Irregular forms

    Reading guide

    Headings contain runes, phonetics and tokens. Description contains a link to the docs and a short description of the rune. Both regular (R) and irregular (I) forms are given.

    Want to Ctrl-f to find out the meaning of something weird you saw? Search for \symbol. ie ? or =. It'll show you to the irregular forms that uses that symbol.

    . dot (nock)

    Anything Nock can do, Hoon can do also.

    .+ dotlus

    docs \+ [%dtls p=atom]: increment an atom with Nock 4.

    R: .+(p) I: +(p)

    .= dottis

    docs \= [%dtts p=hoon q=hoon]: test for equality with Nock 5.

    R: .=(p q) I: =(p q)

    ; mic (make)

    Miscellaneous useful macros.

    ;: miccol

    docs \: [%mccl p=hoon q=(list hoon)]: call a binary function as an n-ary function.

    R: ;:(p q) I: :(p q)

    : col (cells)

    The cell runes.

    :- colhep

    docs \[\]\^\+\`\~ [%clhp p=hoon q=hoon]: construct a cell (2-tuple).

    R: :-(p q) I:

      [a b]   ==>   :-(a b)
    [a b c]   ==>   [a [b c]]
      a^b^c   ==>   [a b c]
        a/b   ==>   [%a b]
         `a   ==>   [~ a]
     ~[a b]   ==>   [a b ~]
      [a b]~  ==>   [[a b] ~]

    = tis (flow)

    Flow hoons change the subject. All non-flow hoons (except cores) pass the subject down unchanged.

    =< tisgal

    docs \: [%tsgl p=hoon q=hoon]: compose two hoons, inverted.

    R: =<(p q) I: p:q

    | bar (core)

    docs \$ Core hoons are flow hoon.

    Technically not irregular syntax, but worth mentioning.

    • |= bartis
    • |. bardot
    • |- barhep
    • |* bartar

    The above runes produce a core with a single arm, named $ ("buc"). We can recompute this arm with changes, useful for recursion among other things. Commonly used with the irregular syntax for %=, :make, like so: $().

    % cen (call)

    The invocation family of runes.

    %= centis

    docs \(\) [%cnts p=wing q=(list (pair wing hoon))]: take a wing with changes.

    R: %=(p a 1) I: p(a 1)

    %~ censig

    docs \~ [%cnsg p=wing q=hoon r=hoon]: call with multi-armed door.

    R: %~(p q r) I: ~(p q r)

    %- cenhep

    docs \(\) [%cnhp p=hoon q=hoon]: call a gate (function).

    R: %-(p q) I: (p q)

    Note: (p) becomes $:p (=<($ p)), which behaves as you would expect (func call w/o args).

    $ buc (mold)

    A mold is a gate (function) that helps us build simple and rigorous data structures.

    $? bucwut

    docs \? [%bcwt p=(list model)]: mold which normalizes a general union.

    R: $?(p) I: ?(p)

    $_ buccab

    docs \_ [%bccb p=value]: mold which normalizes to an example.

    R: $_(p) I: _p

    ? wut (test)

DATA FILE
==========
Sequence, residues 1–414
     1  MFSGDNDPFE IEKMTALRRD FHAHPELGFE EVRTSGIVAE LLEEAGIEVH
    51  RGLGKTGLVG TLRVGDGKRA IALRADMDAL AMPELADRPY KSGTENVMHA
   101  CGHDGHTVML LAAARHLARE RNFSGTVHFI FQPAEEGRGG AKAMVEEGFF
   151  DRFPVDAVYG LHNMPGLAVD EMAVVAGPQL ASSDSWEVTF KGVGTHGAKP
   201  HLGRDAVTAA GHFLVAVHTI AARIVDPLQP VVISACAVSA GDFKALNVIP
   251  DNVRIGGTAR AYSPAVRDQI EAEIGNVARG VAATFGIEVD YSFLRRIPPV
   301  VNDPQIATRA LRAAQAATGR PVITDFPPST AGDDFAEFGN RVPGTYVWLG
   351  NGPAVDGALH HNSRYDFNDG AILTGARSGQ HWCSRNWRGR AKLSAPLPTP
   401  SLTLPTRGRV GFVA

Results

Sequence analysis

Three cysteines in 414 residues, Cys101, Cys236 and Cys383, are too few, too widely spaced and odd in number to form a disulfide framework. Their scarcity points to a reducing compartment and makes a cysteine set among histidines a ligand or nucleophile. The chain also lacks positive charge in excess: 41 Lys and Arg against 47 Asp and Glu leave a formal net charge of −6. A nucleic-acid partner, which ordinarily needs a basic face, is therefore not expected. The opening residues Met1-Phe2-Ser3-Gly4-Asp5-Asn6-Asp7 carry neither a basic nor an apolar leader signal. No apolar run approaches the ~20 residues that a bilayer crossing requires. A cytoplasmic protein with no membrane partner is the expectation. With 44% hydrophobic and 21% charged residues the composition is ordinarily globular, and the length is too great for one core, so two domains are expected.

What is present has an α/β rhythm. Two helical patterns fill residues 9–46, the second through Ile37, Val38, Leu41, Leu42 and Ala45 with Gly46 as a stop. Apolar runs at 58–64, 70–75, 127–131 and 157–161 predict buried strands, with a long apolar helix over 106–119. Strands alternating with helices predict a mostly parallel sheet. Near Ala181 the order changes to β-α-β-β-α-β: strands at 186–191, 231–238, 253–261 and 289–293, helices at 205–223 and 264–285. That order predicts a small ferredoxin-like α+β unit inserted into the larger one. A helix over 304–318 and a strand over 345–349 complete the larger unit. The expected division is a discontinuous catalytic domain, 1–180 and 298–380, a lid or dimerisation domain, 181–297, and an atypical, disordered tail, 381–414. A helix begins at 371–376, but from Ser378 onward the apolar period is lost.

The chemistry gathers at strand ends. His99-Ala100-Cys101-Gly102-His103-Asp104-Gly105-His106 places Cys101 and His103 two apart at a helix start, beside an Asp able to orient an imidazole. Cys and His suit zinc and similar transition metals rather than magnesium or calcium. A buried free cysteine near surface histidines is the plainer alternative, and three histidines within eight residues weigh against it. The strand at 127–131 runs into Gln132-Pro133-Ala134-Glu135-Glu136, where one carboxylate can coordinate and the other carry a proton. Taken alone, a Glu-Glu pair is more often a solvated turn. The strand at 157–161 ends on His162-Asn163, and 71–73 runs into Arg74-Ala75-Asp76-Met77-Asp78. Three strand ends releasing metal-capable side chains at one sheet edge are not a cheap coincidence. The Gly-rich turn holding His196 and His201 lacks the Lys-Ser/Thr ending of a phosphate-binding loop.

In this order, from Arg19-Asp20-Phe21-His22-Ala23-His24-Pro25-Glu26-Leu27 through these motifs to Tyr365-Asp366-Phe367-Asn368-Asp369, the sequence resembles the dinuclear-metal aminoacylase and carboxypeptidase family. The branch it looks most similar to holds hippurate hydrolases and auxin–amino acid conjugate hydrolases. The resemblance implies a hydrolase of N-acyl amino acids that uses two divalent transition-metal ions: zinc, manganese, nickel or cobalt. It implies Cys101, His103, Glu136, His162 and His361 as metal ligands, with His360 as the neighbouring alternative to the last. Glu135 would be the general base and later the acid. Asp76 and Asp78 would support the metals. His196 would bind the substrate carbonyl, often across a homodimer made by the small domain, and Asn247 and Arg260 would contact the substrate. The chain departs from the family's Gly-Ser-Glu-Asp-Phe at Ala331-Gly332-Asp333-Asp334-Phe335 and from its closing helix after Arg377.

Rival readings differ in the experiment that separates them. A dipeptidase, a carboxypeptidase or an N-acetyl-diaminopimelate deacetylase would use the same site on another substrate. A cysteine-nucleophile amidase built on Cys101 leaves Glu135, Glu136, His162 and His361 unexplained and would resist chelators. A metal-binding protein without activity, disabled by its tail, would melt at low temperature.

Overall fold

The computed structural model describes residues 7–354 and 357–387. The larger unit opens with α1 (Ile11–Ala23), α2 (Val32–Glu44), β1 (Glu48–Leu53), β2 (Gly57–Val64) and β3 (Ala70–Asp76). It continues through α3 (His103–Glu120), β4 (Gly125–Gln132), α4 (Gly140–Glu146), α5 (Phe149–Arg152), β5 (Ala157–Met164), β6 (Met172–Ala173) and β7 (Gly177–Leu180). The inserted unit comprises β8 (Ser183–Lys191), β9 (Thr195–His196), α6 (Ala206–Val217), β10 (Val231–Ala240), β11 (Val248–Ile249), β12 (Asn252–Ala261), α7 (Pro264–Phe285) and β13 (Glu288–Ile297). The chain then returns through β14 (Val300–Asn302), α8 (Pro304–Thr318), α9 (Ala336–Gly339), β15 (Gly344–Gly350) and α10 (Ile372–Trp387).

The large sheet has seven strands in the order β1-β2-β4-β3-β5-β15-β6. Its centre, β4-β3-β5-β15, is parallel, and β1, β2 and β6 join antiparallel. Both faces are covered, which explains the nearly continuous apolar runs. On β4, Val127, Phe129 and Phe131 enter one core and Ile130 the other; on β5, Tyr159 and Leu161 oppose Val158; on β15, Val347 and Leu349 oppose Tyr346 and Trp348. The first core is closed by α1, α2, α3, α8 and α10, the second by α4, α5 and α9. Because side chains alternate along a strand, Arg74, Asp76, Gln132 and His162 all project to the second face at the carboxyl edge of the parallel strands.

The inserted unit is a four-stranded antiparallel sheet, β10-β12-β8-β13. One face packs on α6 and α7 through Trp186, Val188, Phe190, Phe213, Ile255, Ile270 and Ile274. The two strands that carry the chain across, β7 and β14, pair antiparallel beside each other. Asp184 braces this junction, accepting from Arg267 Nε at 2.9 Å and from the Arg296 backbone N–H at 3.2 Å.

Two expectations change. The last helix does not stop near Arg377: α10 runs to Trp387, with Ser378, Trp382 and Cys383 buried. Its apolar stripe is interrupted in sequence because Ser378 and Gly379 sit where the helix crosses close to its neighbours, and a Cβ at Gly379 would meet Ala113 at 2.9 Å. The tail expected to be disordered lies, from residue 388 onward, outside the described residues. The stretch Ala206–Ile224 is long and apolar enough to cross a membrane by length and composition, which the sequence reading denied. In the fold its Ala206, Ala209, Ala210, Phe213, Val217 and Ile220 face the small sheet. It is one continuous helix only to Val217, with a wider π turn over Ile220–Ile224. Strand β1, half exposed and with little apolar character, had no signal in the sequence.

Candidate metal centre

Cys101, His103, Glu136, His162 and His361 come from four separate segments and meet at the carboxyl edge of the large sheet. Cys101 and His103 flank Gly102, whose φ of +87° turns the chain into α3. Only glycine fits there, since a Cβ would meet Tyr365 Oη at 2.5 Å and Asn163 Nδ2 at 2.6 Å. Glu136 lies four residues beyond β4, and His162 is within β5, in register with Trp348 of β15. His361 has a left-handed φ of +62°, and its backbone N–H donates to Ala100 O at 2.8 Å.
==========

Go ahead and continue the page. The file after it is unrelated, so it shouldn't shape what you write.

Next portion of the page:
Hoon has the usual branches and logical tests.

    ?! wutzap

    docs \! [%wtzp p=hoon]: logical not.

    R: ?!(p) I: !(p)

    ?& wutpam

    docs \& [%wtpm p=(list hoon)]: logical and.

    R: ?&(p) I: &(p)

    ?| wutbar

    docs \| [%wtbr p=(list hoon)]: logical or.

    R: ?|(p) I: |(p)

    ^ ket (cast)

    Lets us adjust types without violating type constraints.

    ^- kethep

    docs \` [%kthp p=model q=value]: typecast by mold.

    R: ^-(p q) I: `p`q

    ^= kettis

    docs \= [%ktts p=toga q=value]: name a value.

    R: ^=(p q) I: p=q


    Trivial molds


    • * noun.
    • @ atom.
    • ^ cell.
    • ? loobean.
    • ~ null.



    • ~ null.
    • & loobean true.
    • | loobean false.
    • %a constant a, where a can be an ((ir)regularly defined) atom or a symbol.

    See %sand for other irregular definitions of atoms.

    List addressing

    • &n nth element of a list.
    • |n tail of list after nth element (i.e. n is the head).


    docs \+\.\^ [%limb p=(each @ud [p=@ud q=@tas])]: attribute of subject.

    • +15 is slot 15
    • . is the whole subject (slot 1)
    • ^a is the a "of a higher scope", i.e. "resolve variable a, ignoring the first one found".
    • ^^p even higher, etc.
    • 'Lark' syntax for slots / tree addressing:
    +2 -
    +3 +
    +4 -<
    +5 ->
    +6 +<
    +7 +>
    +8 -<-


    docs [%wing p=(list limb)]; a limb search path. a.b finds limb a within limb b ("var" a within "var" b).

    Printing stuff

    • <a b c> prints a tape.
    • >a b c< prints a tank.


    In our in-house examples throughout our documentation, we use irregular forms instead of regular for the sake of verbosity. But remember with irregular forms: everything is just runes! Like magic. In general, irregular forms (usually) read better, but of course regular forms provide more information about what you're doing by showing you the full rune. Of course, it's up to you, the Hoon programmer, as to whether or not you want to use these.

    If we missed any, or if you saw something weird that's not in here, feel free to comment below!